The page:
DETAILED DESCRIPTION

The described invention addresses the need to monitor and locate computer assets under a variety of situations, primarily within the data center and where a generic collection of equipment would be deployed. By taking advantage of the universal availability of powered USB slots on such assets, we have devised a system and method to remotely monitor the environmental conditions (e.g. temperature, humidity, airflow) within the immediate vicinity of the asset, while providing a means to locate the asset. Hence, such assets placed within the data center can be autonomously identified, monitored and located.

The described invention is expected to be simpler and less expensive to deploy than current wired sensor overlay networks. Taking advantage of the inbuilt power supply and communications channel offered by the server's existing USB slots, provides a method to monitor, on a per asset basis, for example, the inlet temperature or other environmental parameters of interest from generic or un-instrumental hosts. The described invention can thus help provide data to be used in developing a thermal inlet profile for each rack without incurring additional wiring and device interconnection costs.

The present invention provides a USB hosted sensor module 110 capable of sensing environmental conditions in a data center, the USB hosted sensor module including a USB connector 112, said USB connector capable of electrically coupling to a USB port of a host device and capable of drawing power from the USB port of the host device to provide electrical power to the USB hosted sensor module, said USB hosted sensor module including at least one environmental sensor 118 a-b. In one embodiment, the USB hosted sensor module includes a plurality of sensors and may optionally include light emitting and/or receiving devices 120 a-c and a wireless subsystem 124. In addition, the USB hosted sensor module includes a microcontroller 116 (or other processing device). Software instructions for supporting and controlling the USB hosted sensor module are loaded for execution onto the microcontroller. The USB hosted sensor module is capable of supporting at least one communication channel between the sensor module and an external communication device. In one embodiment, the microcontroller is capable of supporting a first communication channel and a second communication channel, where the first communication channel is a communication channel between the USB hosted sensor module and an external communication device and the second communication channel is a communication channel between the USB hosted sensor module and the host device.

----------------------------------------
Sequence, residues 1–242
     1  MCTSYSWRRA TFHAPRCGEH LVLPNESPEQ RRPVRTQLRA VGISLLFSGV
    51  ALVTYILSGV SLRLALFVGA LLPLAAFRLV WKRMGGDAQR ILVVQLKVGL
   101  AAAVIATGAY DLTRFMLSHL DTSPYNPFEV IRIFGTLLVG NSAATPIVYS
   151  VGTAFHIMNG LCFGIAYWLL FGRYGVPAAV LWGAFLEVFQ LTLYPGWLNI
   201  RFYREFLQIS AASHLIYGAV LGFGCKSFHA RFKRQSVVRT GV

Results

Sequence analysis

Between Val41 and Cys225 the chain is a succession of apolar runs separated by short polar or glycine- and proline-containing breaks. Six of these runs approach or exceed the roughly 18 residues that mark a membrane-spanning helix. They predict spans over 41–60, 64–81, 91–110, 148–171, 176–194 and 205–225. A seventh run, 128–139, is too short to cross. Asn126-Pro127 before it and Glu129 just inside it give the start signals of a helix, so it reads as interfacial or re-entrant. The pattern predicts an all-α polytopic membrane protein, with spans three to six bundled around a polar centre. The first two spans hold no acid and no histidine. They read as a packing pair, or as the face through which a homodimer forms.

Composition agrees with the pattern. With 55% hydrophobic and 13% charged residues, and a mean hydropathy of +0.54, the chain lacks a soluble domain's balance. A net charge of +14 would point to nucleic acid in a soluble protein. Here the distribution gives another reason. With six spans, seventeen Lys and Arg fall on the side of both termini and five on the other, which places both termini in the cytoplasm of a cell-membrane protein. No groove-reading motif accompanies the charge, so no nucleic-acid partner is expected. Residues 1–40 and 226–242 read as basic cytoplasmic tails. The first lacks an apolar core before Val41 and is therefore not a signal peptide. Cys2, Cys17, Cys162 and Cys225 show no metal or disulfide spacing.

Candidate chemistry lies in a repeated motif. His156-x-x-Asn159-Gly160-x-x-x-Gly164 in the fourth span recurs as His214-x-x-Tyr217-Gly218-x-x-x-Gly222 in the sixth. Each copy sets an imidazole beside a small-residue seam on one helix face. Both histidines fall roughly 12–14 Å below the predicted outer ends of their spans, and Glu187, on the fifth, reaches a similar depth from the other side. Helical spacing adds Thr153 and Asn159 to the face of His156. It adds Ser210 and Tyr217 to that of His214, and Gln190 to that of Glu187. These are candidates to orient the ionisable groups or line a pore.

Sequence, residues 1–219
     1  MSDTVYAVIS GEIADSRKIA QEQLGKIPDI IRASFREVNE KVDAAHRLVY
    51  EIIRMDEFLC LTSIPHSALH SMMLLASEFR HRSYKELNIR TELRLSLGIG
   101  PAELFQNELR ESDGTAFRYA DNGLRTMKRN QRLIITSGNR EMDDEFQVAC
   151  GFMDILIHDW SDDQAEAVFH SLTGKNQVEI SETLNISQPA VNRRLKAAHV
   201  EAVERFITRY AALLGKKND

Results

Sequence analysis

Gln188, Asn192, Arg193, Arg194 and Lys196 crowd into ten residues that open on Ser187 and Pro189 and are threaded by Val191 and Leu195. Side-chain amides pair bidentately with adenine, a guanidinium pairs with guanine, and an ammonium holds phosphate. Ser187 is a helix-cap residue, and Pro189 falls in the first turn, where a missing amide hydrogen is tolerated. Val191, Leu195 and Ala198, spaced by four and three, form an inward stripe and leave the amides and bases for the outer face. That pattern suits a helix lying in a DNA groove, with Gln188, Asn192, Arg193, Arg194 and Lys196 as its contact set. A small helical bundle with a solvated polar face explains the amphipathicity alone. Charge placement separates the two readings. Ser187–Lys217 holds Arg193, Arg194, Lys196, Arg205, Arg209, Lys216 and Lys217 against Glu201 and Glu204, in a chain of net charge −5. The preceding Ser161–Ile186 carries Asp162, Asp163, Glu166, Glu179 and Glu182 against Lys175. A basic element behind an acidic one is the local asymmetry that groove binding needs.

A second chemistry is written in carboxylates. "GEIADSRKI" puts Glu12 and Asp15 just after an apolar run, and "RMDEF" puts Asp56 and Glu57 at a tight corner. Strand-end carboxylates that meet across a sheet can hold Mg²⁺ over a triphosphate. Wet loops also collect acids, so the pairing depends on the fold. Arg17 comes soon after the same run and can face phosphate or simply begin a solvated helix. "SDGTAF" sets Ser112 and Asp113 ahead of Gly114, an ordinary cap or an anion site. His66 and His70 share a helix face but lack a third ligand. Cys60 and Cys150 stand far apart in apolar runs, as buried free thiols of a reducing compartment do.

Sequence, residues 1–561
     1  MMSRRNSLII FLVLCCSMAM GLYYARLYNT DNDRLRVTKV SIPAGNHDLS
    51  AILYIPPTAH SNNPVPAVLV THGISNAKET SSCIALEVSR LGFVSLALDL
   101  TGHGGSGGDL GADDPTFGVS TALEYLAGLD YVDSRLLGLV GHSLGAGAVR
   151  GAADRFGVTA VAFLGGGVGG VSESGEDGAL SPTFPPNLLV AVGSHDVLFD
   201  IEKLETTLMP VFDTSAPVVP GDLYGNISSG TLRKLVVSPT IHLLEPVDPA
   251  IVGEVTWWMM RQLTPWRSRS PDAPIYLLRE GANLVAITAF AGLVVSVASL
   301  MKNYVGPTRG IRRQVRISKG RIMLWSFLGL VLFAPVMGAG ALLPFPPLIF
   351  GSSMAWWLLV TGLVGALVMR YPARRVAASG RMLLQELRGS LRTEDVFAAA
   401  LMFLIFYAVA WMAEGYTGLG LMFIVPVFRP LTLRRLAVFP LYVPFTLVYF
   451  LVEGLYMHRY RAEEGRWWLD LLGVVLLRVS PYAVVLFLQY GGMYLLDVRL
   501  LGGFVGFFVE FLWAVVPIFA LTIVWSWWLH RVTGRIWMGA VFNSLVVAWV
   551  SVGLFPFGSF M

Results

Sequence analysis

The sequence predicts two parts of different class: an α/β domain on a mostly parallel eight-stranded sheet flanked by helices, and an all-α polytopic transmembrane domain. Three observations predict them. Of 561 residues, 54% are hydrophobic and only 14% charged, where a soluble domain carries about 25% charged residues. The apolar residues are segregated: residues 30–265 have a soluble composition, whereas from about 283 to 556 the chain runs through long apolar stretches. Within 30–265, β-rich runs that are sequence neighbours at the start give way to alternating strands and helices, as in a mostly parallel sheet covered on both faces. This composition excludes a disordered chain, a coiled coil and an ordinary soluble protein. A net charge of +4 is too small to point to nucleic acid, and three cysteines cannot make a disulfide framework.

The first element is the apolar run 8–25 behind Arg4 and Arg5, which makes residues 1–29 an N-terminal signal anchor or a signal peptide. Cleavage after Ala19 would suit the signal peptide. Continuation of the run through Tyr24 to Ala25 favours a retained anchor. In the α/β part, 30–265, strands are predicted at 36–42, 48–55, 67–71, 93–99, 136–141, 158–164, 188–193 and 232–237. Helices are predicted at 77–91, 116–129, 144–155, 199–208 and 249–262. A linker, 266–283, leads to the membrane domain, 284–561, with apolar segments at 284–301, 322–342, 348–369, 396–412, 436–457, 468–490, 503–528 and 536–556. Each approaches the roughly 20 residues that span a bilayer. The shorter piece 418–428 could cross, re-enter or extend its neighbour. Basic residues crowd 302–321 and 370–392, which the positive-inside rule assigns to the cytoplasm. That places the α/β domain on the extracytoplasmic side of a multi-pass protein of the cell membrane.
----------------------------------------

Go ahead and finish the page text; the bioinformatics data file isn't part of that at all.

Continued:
FIG. 1A shows a USB hosted sensor module 110 in accordance with embodiments of the present invention. The USB hosted sensor module 110 includes a USB connector 112. Through the USB connector 112, the USB hosted sensor module 110 is capable of electrically connecting to a USB port (or slot) of a host device. Through the USB connector 112, the USB hosted sensor module connects to and draws power from the host device to provide electrical power to the USB hosted sensor module. Further, the USB hosted sensor module includes a microcontroller 116 that is capable of communicating with the host device using the USB protocol. Thus in one embodiment, the USB connector 112 via the microcontroller 116 provides a communication channel between the USB hosted sensor module and the host device.